19th October 2017

2.4 speech submission

“Voting is the foundation stone for political action.” This is a quote by Martin Luther King, after his involvement in the 1965 Selma protests. Martin Luther king was a major influential figurehead in the civil rights movement in America. Helping to gain equality for African Americans through their fundamental human rights; such as the right to vote. Voting is one the most basic forms of giving an opinion, and is a fundamental human right for all, according to most countries. Voting is an important and necessary tool for a fair society to function, and is an act carried out by all those that believe in a fair system and society. There are many aspects to voting and its history that carry relevance into our present and future with voting, some of which are common democratic voting systems, their workings and stages. The benefits of voting for people of all class level and the overall betterment of our current systems. And lastly the ways in which voting helps those who face disadvantages from unfair systems of oppression in our modern societies. Learning about some of these key aspects stated above, can give a reader a further informed opinion in voting for themselves and a greater insight into the ways in which their vote will affect them.

The word democracy comes from the greek words “dêmos” which means people or neighbourhood and “krátos” meaning force or power; meaning that the word democracy literally translates to “people power.” The earliest recorded forms of democratic voting dates back to 6th century BC, when it was introduced in Greece, as part of the Athenian democracy. The Athenian democracy was set up in the city of Athens, and the province of Attica. The area of Attica is recorded as one of the first democratic regions in history. Citizens of the province elected leaders and passed bills via the act of voting. However, their initial vote system, much like our modern version still is, was severely biased and flawed. Attica voters had to be a adult males who were also neither a slave or an “alien, ” this meaning someone born from outside the city of Athens/ province of Attica. This bias obviously greatly affected what laws were passed and leaders put into power at the time, creating a new life for most in Attica from the ideas of only a few. Even with this bias voting, the creation and implementation of even basic voting system to govern large populations was the very start of a more democratic way of governing in our history.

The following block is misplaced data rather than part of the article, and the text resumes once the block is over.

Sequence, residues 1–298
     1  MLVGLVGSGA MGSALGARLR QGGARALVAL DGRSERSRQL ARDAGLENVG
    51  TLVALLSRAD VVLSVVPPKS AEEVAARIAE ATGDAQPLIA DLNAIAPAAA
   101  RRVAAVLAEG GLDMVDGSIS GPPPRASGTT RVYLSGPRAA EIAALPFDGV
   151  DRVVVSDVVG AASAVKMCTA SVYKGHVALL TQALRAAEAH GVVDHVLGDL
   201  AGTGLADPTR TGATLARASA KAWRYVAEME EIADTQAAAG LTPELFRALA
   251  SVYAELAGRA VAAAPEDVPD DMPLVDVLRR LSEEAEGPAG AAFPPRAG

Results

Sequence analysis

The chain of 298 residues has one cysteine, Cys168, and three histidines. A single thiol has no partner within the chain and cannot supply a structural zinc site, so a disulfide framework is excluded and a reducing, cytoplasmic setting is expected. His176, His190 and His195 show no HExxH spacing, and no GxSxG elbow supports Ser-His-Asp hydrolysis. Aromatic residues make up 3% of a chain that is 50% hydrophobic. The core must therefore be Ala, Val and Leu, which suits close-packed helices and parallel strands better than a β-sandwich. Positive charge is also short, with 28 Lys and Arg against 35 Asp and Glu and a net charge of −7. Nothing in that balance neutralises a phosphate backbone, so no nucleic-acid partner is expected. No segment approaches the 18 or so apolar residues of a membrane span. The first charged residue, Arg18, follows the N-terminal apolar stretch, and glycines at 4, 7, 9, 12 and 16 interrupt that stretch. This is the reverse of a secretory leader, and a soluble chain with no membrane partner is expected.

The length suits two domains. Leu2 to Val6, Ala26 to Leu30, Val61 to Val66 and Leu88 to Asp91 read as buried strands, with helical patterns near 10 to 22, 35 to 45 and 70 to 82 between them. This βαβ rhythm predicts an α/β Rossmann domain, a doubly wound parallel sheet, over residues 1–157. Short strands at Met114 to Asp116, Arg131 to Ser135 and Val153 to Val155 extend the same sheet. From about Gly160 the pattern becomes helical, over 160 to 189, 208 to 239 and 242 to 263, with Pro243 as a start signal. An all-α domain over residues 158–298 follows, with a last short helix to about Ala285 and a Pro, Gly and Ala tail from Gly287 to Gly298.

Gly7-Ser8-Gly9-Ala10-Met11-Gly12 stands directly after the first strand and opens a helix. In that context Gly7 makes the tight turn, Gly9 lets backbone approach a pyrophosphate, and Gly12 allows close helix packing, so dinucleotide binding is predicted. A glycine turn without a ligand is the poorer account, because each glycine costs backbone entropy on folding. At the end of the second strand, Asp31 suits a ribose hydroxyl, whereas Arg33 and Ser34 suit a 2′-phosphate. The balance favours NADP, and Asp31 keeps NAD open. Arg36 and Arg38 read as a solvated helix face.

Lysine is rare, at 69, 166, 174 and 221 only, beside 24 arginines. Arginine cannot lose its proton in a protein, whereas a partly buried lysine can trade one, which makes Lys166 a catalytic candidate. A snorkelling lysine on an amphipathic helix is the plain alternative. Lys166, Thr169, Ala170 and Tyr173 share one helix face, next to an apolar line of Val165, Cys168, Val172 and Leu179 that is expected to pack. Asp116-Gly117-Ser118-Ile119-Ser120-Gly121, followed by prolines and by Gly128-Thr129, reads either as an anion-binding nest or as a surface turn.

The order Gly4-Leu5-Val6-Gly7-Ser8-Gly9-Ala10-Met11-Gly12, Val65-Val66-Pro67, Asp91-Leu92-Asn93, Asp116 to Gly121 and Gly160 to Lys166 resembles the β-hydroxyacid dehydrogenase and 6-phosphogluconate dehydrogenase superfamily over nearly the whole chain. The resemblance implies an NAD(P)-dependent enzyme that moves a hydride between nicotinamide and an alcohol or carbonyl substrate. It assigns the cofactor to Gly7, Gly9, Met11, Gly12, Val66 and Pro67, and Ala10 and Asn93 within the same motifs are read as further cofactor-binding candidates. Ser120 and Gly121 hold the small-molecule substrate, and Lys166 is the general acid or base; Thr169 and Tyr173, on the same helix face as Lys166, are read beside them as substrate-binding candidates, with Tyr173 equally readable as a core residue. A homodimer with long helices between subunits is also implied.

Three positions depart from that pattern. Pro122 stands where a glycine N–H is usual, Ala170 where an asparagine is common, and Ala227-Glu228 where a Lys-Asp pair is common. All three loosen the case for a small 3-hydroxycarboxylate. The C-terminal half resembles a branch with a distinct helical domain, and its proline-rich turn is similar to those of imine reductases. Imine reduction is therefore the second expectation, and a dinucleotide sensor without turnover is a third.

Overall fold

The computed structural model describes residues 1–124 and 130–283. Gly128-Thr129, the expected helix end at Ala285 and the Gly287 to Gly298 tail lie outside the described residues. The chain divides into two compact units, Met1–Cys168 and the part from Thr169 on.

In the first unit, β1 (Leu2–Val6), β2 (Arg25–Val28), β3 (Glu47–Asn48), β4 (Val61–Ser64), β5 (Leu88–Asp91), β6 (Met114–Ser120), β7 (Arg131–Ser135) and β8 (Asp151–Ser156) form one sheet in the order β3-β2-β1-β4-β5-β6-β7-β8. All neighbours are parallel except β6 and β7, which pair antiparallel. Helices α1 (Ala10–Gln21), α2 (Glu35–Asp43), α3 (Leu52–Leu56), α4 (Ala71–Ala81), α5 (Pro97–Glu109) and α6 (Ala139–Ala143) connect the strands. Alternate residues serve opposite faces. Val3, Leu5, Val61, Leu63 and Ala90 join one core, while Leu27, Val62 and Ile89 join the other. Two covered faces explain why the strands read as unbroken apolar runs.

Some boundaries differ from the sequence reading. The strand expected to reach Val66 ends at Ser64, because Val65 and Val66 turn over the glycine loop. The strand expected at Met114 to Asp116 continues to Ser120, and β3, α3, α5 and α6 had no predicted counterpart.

In a 21st century democracy the ideas of basic governing remain the same, but the flaws of bias and corruption still clearly evident; due to each democratic nation modifying the system in order to suit their culture and populous. Most commonwealth countries, such as New Zealand and Australia, hold a fair election. The people vote in members of their communities into parliament to represent different regions of the country, and also a main prime minister who acts as a leader in place the head of state; that currently being the Queen of England in New Zealand and in commonwealth countries. Every New Zealand citizen is automatically enrolled to vote once they reach the age of eighteen, voting however is non-compulsory. In a non-commonwealth country such as Germany, a parliamentary system is also used to govern. According to Germany’s constitution “Act. 38 of German Basic Law, elections are to be universal, direct, free, equal, and secret.” One can vote or be elected once they have reached the age of eighteen in Germany, and much like in the commonwealth, Germany has a two vote system. One vote for a regional representative and one for a head of state; in Germany that is called the Chancellor. The parliamentary system is the most commonly used in democratic nations, as it allows for the most representation of people by their governments. This is due to the addition of regional representatives spanning the country. Regional members are voted in from each district, and so are more able to accurately translate the needs and the wants of that particular region to their representative party, or government. The most important part of voting is representation, giving the people more power over their governments; running them rather than being run by them.